Four Reasons Dog Breeders Need a Community of Practice

by | Dog Breeding

Dog Breeders As Part Of A Community Practice

I’ve been pondering dog breeding lately and how we can improve our passion and breeding programs to produce better and better dogs. One of my fields is sociology and it tells us that human beings are social learners so forming communities around our passions helps our progress. these are called Communities of Practice.

A community of practice is a group of people with a common passion who focus on sharing best practices and creating new knowledge to advance the professional practices in that field.

Ongoing interactions between members, in person or online, are an essential component of a successful community.

You can see that Communities of Practice are more than social clubs, status symbols, or groups where all voices are equal, no matter their experience. No! Communities of Practice emphasis best practices, growing knowledge, and advancing the field.

Yet, dog breeders often work alone, with just their dogs and puppies. Even before the coronavirus pandemic, formal dog activities were declining in popularity so more and more dog breeders were on their own. Our isolation is worse now making a Community of Practice even more critical for every dog breeder.

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Why Dog Breeders Should Be Members Of A Community Practice

Here are four reasons that I think all dog breeders should be members of a Community of Practice.

1. Learning is the hard work of experiencing incompetence on our way to mastery. Making mistakes is an essential part of learning. Although classes and seminars prepare us, most of our learning happens in the whelping box. The only way to become a dog breeder is to breed dogs based on study and learning about dogs and dog breeding with a supportive community that will help you understand your mistakes and do better next time.

2. Learning opens the door to personal identity, which in turn determines behavior and guides decisions. When someone says, “I am a nurse”, they’ve taken their learning and certification, combined it with their livelihood, and announced it as their identity. This identity arises from a community, and its standards, practices, support, and contribution.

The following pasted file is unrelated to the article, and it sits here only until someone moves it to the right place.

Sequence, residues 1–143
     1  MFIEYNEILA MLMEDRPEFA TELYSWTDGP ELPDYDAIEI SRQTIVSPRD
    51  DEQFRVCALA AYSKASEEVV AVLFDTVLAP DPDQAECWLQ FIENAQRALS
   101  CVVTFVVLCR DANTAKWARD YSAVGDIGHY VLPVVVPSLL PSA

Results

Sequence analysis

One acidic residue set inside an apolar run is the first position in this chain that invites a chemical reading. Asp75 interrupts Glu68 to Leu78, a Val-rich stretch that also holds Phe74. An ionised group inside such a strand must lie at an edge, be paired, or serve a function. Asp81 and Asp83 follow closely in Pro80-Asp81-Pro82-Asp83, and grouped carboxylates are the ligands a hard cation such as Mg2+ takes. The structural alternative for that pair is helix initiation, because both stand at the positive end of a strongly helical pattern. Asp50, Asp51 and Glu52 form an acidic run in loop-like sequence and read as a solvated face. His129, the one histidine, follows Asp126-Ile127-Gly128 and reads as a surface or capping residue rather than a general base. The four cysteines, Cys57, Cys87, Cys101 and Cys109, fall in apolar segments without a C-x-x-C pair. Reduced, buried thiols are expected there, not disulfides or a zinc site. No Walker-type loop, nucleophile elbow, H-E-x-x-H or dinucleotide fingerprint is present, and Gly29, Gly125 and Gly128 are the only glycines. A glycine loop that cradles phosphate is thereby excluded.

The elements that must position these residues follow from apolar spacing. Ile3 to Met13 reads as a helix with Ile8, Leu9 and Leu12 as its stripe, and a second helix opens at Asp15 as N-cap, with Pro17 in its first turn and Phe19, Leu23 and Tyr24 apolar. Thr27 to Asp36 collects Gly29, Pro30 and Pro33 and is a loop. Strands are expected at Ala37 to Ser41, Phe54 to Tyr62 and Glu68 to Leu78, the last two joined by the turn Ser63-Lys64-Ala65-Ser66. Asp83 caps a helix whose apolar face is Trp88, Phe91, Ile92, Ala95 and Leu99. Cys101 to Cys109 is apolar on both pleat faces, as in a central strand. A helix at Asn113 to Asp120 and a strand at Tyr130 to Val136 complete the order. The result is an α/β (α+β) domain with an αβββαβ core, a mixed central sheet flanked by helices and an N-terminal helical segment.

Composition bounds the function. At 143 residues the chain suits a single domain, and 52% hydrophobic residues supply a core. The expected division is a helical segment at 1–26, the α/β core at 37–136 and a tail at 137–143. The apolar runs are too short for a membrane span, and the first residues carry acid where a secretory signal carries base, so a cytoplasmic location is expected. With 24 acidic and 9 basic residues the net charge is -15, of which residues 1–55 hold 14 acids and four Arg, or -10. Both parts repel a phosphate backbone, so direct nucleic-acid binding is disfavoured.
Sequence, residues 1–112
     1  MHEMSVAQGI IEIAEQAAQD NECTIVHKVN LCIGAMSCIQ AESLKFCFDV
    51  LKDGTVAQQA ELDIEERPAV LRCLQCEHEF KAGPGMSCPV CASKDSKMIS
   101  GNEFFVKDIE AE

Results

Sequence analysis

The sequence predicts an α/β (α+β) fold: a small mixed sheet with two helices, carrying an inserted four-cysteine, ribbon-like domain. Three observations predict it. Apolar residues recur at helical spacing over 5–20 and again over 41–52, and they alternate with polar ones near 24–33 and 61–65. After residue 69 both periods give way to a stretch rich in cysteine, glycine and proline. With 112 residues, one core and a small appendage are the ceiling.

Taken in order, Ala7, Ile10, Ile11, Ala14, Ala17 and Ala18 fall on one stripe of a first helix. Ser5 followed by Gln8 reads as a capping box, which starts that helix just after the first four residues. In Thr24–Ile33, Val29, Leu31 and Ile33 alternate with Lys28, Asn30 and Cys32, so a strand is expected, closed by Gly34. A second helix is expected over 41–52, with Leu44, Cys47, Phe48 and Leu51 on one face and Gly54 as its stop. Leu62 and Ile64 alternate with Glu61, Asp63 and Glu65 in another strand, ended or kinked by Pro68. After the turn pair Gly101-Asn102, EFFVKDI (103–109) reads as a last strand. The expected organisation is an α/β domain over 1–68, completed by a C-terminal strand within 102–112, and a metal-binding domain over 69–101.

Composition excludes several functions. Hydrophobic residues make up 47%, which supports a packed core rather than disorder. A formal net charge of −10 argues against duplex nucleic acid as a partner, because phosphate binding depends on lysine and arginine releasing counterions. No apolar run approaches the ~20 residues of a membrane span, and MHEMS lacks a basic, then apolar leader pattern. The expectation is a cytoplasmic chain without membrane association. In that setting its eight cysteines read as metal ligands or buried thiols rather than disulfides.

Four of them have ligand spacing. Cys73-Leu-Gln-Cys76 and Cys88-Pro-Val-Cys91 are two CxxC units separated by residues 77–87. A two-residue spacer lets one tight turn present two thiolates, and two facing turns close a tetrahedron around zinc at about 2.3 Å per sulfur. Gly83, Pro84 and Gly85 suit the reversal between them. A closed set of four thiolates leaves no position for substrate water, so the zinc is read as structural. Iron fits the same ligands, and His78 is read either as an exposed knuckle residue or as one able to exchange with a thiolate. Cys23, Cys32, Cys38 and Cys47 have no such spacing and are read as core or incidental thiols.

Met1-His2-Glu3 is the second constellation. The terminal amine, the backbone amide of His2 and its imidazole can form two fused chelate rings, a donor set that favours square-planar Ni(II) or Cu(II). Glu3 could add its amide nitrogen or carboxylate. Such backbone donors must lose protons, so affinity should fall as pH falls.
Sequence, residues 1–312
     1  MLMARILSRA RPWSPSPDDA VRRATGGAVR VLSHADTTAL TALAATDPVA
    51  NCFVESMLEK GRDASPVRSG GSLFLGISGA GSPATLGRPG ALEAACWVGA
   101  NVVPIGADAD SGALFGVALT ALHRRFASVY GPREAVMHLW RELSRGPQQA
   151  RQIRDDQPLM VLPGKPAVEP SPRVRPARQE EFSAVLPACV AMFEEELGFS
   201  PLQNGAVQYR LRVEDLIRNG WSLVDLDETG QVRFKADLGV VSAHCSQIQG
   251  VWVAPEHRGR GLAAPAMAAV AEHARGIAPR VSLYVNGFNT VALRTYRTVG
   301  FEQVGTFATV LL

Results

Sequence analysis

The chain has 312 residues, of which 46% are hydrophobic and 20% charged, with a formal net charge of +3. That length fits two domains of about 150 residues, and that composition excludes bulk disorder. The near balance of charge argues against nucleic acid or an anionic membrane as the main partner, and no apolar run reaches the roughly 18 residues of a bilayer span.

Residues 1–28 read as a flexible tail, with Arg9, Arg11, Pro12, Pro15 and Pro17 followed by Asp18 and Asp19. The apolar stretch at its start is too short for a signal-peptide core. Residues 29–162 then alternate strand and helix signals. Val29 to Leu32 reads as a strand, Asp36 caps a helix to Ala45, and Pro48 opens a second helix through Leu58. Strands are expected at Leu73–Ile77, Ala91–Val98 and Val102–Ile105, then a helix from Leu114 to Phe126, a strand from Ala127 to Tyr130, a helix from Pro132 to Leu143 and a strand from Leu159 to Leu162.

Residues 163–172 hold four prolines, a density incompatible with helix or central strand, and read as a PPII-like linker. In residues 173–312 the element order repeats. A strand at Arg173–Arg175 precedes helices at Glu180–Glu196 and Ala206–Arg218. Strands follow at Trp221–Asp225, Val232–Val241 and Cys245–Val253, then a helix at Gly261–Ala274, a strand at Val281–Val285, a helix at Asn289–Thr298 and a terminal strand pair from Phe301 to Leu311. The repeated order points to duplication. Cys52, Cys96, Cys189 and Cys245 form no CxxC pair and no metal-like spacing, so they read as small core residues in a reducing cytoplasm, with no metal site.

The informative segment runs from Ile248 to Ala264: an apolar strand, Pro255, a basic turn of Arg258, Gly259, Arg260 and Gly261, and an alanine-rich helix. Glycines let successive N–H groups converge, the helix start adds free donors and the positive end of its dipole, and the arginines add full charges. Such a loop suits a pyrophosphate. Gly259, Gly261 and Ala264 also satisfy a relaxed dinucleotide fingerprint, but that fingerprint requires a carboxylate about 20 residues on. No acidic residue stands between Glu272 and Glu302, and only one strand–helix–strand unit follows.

“People like us do things like this.”

Communities of practice define the “things like this” and thus determine our behaviors, standards, procedures, and ethics.

3. In turn, our community of practice determines how we think about formal education, accreditation, and contribution. In the past, dog breeders didn’t have access to formal education so apprenticeships (or mentorships) were our schools. Dog shows became our accreditation. However, these provided first-hand knowledge to only some breeders but not all, varied widely in their quality, and are no longer the optimal solution in today’s world. The Internet gives us additional options now. Our community, Avidog, highly values formal education, accreditation, contribution, and practice for all dog breeders, including those with mentors.

4. Today we can intentionally join the community of practice that best fits us, our goals, our dogs, and our clients–our buyers. In the past, we often fell into a community by accident or default, just by our breed or local club or social network. This often limited our community of practice and thus our breeding success. At Avidog, we have intentionally built a community of practice that creates a powerful, productive identity that people can choose to become “responsible dog breeders.”

Our Avidog community of practice is built on:

  • Shared passion
  • Best practices
  • New knowledge
  • Advancing the field
  • Ongoing interactions

My hope for you is that if you are a dog breeder, you are enmeshed in a supportive, experienced community of practice that values education, accreditation, contribution, and standards. If not, please find one or join us!


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